The Carriage House behind the W.H. Stark House houses a new exhibit called Living Legacy to commemorate the Stark family’s contributions to the community and how contemporary attendees can help their communities as well. Also, the Stark Museum of Art is being expanded and the W.H. Stark House is undergoing some general maintenance to serve the public better. RECORD PHOTOS: Lawrence Trimm

David Ball – For The Record

The Stark Foundation is quietly and steadily making some changes to their facilities to better serve the public.

Ellen Welker, communications manager, said renovations are occurring at The Carriage House, the W.H Stark House and the Stark Museum of Art through expansion and revamping some exhibits.

The Carriage House at the W.H. Stark House houses the newest exhibit- the Living Legacy.

Curator Jeff Harris said The Carriage House is centered around mini-exhibits based on family research of the Starks and Lutchers and what they were, and still are, about.

“They were incredibly generous to the community,” he said. “There was so much that there were dozens of things we had to eliminate. It was too much.”

There will now be more changes to the collection for the public to see. Harris said they are “wonderful changes” in an ongoing process.

The museum guides also engage the tourists in conversations about the exhibits.

On September 12, specialty tours can be arranged on the second Saturday of each month.

One of the themes is why did the Starks choose Orange, Texas to live.

The exhibits gives the family background, early photos, memorabilia, etc.

Welker said an inside joke for the staff at The Carriage House is what particular Stark or Lutcher someone is referring to since everyone in the lineage were named Stark or Lutcher.

The Living Legacy exhibit opened six months ago to connect the people and the objects together.

For instance, there’s information about the Stark Reading Contest, started in 1904 by Miriam Stark and still continues to this day as part of their legacy.

Miriam’s mother, Frances, served in the American Red Cross and she was made an honorary life chair for her service. She was also involved in hurricane relief efforts in 1886.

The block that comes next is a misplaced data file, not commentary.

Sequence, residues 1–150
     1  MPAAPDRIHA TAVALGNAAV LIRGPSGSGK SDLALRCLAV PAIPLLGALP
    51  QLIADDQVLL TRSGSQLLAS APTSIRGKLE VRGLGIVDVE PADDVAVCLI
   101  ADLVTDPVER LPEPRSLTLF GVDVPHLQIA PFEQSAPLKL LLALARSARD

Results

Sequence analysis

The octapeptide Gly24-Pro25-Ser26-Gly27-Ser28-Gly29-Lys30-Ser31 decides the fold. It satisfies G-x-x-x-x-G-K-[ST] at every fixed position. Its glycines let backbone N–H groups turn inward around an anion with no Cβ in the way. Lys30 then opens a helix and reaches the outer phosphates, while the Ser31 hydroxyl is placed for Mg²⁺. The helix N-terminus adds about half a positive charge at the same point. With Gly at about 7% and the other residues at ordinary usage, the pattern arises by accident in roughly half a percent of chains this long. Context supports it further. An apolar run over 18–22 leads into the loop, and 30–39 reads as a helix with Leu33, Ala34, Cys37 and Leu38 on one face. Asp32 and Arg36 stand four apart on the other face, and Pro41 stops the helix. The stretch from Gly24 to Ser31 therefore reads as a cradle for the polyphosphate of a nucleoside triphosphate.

Lutcher Stark was an International Rotary officer for his involvement in that organization.

Frances would greet wounded World War I veterans at the train station and give them orchids. She became known as the orchid lady.

She was also instrumental in getting a hospital built in Orange. Before that, residents had to travel to Galveston for medical care.

Frances also built the First Presbyterian Church in Orange. Miriam taught Sunday school there. Her class enabled a blind girl to learn Braille, play the piano and the cornet because of their generosity, Harris said.

There are newspaper clippings at the exhibits about the family such as W.H. saving a boy from drowning in the Sabine River in 1896.

W.H. was an alumnus of the University of Texas at Austin and he served on board of regents.

Miriam donated books and the Starks would pledge aid to the poor. In fact, they pledged $125 per month for relief in 1936 during the Great Depression.

“They were compassionate and very caring people,” Harris said.

One theme of the exhibit is called What Concerns You? which connects the family’s concerns of their day and how they gave back to the community to the present day and wha attendees can do.

W.H., for instance, was an honorary volunteer firefighter who put out fires. Likewise, attendees may grab a token and drop it into a cannister with different categories of contemporary concerns. There is also a book marker with spaces to fill in to create one’s own checklist of way they can lend a helping hand.

There will be an announcing period to make known how the voting is going for the different categories.